IDEAS home Printed from https://ideas.repec.org/a/aea/aecrev/v89y1999i2p211-216.html
   My bibliography  Save this article

Employment and Retirement Following a Late-Career Job Loss

Author

Listed:
  • Ann Huff Stevens
  • Sewin Chan

Abstract

The frequency of job loss among workers in late career has risen disproportionately in recent years. The effects of job loss on these workers are potentially severe: their earnings capacity, savings, and retirement expectations are likely to be dramatically affected and they may take substantially longer to be re-employed. However, despite these reasons for heightened concern, relatively little is known about the economic consequences of late career job loss among recent cohorts of workers. This paper presents findings from an ongoing research project using the Health and Retirement Study that focuses on the economic impacts of late career job loss on employment and retirement patterns, as well as on earnings and assets.
(This abstract was borrowed from another version of this item.)

Suggested Citation

  • Ann Huff Stevens & Sewin Chan, 1999. "Employment and Retirement Following a Late-Career Job Loss," American Economic Review, American Economic Association, vol. 89(2), pages 211-216, May.
  • Handle: RePEc:aea:aecrev:v:89:y:1999:i:2:p:211-216
    Note: DOI: 10.1257/aer.89.2.211
    as

    Download full text from publisher

    File URL: http://www.aeaweb.org/articles.php?doi=10.1257/aer.89.2.211
    Download Restriction: Access to full text is restricted to AEA members and institutional subscribers.
    ---><---

    As the access to this document is restricted, you may want to look for a different version below or search for a different version of it.

    Other versions of this item:

    References listed on IDEAS

    as
    1. Sewin Chan & Ann Huff Stevens, 1999. "Job Loss and Retirement Behavior of Older Men," Departmental Working Papers 199823, Rutgers University, Department of Economics.
    2. Kathryn H. Anderson & Richard V. Burkhauser & Joseph F. Quinn, 1986. "Do Retirement Dreams Come True? The Effect of Unanticipated Events on Retirement Plans," ILR Review, Cornell University, ILR School, vol. 39(4), pages 518-526, July.
    3. David A. Wise, 1989. "The Economics of Aging," NBER Books, National Bureau of Economic Research, Inc, number wise89-1, January.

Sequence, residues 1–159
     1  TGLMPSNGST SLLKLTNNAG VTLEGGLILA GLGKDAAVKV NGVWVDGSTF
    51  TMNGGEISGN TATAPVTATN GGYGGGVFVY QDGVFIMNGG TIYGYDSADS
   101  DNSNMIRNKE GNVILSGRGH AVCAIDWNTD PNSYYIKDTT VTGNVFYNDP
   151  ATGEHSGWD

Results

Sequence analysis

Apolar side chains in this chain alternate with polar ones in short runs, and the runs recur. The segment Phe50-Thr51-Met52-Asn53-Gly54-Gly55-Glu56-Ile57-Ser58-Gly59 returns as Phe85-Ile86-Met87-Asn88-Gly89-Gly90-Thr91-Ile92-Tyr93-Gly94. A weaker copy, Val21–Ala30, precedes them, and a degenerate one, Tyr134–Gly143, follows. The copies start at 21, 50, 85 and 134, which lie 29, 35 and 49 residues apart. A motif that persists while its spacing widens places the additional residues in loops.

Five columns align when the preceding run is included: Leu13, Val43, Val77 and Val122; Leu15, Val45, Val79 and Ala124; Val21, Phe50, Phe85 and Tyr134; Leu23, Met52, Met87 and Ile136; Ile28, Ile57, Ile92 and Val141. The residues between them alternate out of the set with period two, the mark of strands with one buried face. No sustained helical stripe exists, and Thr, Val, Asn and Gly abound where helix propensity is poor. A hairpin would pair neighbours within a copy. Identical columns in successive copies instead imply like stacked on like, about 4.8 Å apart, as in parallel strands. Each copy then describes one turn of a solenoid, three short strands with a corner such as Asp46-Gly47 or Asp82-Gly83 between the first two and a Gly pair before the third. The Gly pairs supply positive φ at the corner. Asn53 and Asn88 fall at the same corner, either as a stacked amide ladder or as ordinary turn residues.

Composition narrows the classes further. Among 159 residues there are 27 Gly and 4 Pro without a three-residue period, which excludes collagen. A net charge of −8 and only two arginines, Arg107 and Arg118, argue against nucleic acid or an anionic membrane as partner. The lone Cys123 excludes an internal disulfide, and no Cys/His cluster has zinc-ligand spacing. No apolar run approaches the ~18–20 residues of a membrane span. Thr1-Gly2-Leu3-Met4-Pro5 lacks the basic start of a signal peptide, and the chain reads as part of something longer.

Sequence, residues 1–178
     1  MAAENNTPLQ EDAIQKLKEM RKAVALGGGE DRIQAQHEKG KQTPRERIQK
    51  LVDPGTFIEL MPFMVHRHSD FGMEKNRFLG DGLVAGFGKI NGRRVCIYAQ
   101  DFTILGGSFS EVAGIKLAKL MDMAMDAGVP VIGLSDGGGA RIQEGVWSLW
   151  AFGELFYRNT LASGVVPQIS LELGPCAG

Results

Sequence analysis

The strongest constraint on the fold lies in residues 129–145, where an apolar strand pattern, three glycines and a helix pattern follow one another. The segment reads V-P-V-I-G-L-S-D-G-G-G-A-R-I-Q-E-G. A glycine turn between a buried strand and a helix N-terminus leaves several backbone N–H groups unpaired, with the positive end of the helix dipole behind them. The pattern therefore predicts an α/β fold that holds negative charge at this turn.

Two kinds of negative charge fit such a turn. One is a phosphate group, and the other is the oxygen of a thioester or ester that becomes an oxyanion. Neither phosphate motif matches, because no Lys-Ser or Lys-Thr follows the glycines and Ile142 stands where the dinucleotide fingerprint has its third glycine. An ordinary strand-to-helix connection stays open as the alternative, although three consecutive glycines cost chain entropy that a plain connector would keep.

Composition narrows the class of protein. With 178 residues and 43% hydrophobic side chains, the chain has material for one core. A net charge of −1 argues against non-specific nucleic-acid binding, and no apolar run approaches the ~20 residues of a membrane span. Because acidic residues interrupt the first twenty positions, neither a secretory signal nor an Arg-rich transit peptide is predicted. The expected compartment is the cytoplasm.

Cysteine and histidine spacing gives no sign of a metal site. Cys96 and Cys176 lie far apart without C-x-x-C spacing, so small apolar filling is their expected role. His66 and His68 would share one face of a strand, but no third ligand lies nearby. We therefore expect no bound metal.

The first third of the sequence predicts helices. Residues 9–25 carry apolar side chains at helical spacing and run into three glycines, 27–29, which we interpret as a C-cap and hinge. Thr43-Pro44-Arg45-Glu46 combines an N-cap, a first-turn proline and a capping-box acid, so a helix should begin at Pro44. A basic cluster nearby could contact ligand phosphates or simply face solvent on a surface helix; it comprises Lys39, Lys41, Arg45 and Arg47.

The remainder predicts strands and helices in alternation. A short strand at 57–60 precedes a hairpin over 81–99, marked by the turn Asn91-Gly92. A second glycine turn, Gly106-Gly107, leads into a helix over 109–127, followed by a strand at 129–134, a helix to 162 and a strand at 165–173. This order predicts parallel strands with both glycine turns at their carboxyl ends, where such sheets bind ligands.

4. Stock, James H & Wise, David A, 1990. "Pensions, the Option Value of Work, and Retirement," Econometrica, Econometric Society, vol. 58(5), pages 1151-1180, September.
    5. John P. Rust, 1989. "A Dynamic Programming Model of Retirement Behavior," NBER Chapters, in: The Economics of Aging, pages 359-404, National Bureau of Economic Research, Inc.
    Full references (including those not matched with items on IDEAS)

    Most related items

    These are the items that most often cite the same works as this one and are cited by the same works as this one.
    1. Jean-Olivier Hairault & François Langot & Thepthida Sopraseuth, 2008. "Quantifying The Laffer Curve On The Continued Activity Tax In A Dynastic Framework," International Economic Review, Department of Economics, University of Pennsylvania and Osaka University Institute of Social and Economic Research Association, vol. 49(3), pages 755-797, August.
    2. Blundell, R. & French, E. & Tetlow, G., 2016. "Retirement Incentives and Labor Supply," Handbook of the Economics of Population Aging, in: Piggott, John & Woodland, Alan (ed.), Handbook of the Economics of Population Aging, edition 1, volume 1, chapter 0, pages 457-566, Elsevier.
    3. repec:eee:labchp:v:3:y:1999:i:pc:p:3261-3307 is not listed on IDEAS
    4. repec:hal:journl:dumas-00817699 is not listed on IDEAS
    5. Bas Jacobs, 2009. "Is Prescott right? Welfare state policies and the incentives to work, learn, and retire," International Tax and Public Finance, Springer;International Institute of Public Finance, vol. 16(2), pages 253-280, April.
    6. Samwick, Andrew A., 1998. "New evidence on pensions, social security, and the timing of retirement," Journal of Public Economics, Elsevier, vol. 70(2), pages 207-236, November.
    7. Shimizutani, Satoshi, 2011. "A new anatomy of the retirement process in Japan," Japan and the World Economy, Elsevier, vol. 23(3), pages 141-152.
    8. Frank van Erp & Niels Vermeer & Daniel van Vuuren, 2013. "Non-financial determinants of retirement," CPB Discussion Paper 243.rdf, CPB Netherlands Bureau for Economic Policy Analysis.
    9. John Rust & Christopher Phelan, 1997. "How Social Security and Medicare Affect Retirement Behavior in a World of Incomplete Markets," Econometrica, Econometric Society, vol. 65(4), pages 781-832, July.
    10. Haan, Peter & Tolan, Songül, 2019. "Labor supply and fiscal effects of partial retirement – The role of entry age and the timing of pension benefits," The Journal of the Economics of Ageing, Elsevier, vol. 14(C).